Reading baby

According to an blog post I found today, teaching a baby sign language can help him or her to learn to read at an very early age.

The post is about a 17 month old girl who can read, as she demonstrates on the video embedded in the post. Her parents, who are both Speech Pathologists, have taught her American Sign Language as well as English and have encouraged the development of her language skills, though they haven’t drilled her in reading. Learning sign language can also help children develop their spatial and visual abilities apparently.

Have you heard of any other similar cases?

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This entry was posted in Language, Language acquisition, Sign language.

0 Responses to Reading baby

  1. Bob Shirilla says:

    Very interesting thought. I believe human attention can help children develop and this is attention.

  2. garance says:

    Gosh, there are hundreds of books on the subject, including books with a few useful signs to teach babies. It is based on the fact that babies understand before they can form words, so they can pretty soon communicate with signs such as “hungry” or “more” if you show them a few times. It is, I think, rewarding both for the mom, who does not always “understand” the complaints of a baby, and for the baby, who can participate to its own satisfaction. I have seen a study saying that the baby does not speak sooner when knowing a few signs, but there is no proof that speech is delayed either. It probably does improve some skills.

  3. My wife and I are teaching our baby boy some basic signs. The idea behind it is that they develop manual(hands) motor skills months before they can speak, so they can communicate their needs to you even if they can’t say any words yet. Our son is still too young to produce his own signs, but he definitely understands when we sign to him.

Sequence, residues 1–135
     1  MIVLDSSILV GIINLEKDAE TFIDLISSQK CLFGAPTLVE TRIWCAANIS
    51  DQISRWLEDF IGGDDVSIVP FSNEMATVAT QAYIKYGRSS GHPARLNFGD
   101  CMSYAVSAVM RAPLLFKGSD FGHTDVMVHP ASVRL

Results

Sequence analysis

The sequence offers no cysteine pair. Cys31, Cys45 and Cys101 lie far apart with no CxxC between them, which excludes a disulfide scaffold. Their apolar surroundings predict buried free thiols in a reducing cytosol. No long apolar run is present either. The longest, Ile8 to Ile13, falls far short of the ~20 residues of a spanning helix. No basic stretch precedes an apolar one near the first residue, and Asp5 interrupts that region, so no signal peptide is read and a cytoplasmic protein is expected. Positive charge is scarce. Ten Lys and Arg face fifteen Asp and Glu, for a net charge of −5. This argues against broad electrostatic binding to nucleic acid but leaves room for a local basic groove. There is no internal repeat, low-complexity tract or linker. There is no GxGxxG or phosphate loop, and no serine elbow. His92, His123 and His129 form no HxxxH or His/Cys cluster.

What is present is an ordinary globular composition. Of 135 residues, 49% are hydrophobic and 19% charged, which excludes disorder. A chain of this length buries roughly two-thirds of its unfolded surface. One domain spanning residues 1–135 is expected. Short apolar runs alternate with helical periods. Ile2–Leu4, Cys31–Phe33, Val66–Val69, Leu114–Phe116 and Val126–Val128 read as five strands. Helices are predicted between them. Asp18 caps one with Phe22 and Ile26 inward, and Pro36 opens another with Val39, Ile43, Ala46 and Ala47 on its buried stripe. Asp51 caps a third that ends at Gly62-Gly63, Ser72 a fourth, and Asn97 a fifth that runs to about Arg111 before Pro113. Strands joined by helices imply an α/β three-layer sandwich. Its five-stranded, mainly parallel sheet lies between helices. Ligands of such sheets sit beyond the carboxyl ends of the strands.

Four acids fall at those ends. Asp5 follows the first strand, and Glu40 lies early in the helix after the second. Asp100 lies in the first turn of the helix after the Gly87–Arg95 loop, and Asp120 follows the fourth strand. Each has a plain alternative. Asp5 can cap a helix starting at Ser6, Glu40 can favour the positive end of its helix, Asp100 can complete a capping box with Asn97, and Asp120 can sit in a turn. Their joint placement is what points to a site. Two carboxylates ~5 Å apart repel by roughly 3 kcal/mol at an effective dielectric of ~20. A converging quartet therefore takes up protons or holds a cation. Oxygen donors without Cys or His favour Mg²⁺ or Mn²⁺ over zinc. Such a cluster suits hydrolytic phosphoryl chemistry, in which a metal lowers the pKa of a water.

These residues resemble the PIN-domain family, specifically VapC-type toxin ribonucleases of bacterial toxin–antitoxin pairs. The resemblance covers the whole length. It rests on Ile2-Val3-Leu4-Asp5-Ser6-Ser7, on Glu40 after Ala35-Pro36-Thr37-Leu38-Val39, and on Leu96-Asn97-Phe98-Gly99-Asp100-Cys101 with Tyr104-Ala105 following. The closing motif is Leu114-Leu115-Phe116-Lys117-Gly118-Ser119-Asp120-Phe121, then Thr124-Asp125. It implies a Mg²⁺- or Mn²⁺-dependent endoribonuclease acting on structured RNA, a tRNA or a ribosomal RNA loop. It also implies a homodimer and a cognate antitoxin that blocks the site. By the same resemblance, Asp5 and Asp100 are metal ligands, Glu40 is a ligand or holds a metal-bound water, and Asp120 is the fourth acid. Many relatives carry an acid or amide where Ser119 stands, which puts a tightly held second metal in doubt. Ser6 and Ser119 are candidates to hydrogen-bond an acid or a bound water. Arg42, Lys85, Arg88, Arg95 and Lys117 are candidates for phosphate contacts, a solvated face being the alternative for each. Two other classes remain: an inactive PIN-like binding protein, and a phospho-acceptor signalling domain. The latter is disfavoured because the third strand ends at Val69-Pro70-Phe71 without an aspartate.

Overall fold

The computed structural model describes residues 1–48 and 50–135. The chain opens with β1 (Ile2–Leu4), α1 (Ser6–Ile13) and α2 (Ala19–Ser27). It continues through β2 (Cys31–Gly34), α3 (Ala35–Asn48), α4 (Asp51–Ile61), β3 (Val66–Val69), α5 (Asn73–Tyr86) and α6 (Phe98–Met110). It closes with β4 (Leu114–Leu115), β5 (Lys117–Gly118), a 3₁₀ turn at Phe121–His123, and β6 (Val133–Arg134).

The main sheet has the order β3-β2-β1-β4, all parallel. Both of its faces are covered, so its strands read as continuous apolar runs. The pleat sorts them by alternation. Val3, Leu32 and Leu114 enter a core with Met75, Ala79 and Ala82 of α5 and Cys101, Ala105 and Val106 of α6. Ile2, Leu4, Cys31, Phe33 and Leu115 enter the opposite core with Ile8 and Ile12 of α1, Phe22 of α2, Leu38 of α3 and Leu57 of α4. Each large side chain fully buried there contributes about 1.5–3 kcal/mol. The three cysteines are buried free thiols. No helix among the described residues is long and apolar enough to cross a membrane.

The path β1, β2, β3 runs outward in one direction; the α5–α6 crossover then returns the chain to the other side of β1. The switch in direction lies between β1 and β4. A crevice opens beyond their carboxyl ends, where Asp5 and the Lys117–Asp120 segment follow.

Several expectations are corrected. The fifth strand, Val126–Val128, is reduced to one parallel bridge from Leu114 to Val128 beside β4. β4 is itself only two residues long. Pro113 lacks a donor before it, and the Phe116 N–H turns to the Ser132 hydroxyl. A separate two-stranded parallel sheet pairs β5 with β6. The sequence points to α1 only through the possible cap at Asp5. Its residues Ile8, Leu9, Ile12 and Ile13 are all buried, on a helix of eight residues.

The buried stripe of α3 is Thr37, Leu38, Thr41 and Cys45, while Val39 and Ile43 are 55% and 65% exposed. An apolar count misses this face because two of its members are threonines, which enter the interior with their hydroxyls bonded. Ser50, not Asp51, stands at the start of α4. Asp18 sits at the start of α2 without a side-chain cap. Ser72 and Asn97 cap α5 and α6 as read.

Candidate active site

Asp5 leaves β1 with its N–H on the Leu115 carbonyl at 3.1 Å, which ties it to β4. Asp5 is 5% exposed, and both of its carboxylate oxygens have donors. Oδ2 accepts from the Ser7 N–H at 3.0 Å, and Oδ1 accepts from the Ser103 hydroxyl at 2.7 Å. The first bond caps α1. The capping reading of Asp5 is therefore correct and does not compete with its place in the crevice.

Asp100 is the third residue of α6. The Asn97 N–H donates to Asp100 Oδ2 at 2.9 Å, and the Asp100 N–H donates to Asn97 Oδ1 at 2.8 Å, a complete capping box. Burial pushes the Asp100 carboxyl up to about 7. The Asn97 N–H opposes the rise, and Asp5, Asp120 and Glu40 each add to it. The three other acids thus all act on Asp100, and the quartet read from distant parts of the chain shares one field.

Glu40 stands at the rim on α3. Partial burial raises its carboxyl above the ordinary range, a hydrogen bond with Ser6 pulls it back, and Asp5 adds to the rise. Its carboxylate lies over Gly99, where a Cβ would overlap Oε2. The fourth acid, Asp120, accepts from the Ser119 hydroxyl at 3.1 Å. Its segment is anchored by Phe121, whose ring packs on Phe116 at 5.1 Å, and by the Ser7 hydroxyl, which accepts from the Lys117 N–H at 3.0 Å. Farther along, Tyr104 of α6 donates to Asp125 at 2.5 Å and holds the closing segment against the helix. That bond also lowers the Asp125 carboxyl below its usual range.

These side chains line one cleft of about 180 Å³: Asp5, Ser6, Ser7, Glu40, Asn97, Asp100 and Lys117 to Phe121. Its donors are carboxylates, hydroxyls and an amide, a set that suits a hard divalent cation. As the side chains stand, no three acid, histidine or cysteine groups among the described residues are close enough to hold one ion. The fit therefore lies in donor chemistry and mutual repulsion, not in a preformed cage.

This is the first time I’ve seen a 1-year-old read though!

  4. Here is a linguistic question that bothers me. Why is it acceptable in English to refer to a baby or child as an “it”? Does that not lead to a dangerous dehumanization, since noun gender in the English language is in almost all cases tied to biological gender?

  5. Leitbulb says:

    I doubt he means it dehumanizingly i would say the same thing unless i previously mentioned it was a boy or a girl. I think it’s probably because they ( and i don’t want to start any arguments) aren’t really people yet. They are humans, they are hominids, they are living breathing almost-people. Once the get a little older and can walk at least or talk they will be given a little more dignity i think.

  6. Frankly…that IS dehumanizing: after all, you use the word “almost-people.” I could use another word, one that is not in English, but it would touch off an even worse argument.

    Personally, I think it better even to speak of the higher animals (pets, other reasonably intelligent species) by gender where their gender is known–I’m not some PETA nut, but I do think it encourages proper consideration in how we treat the creatures we are responsible for, and think about our interactions with them.

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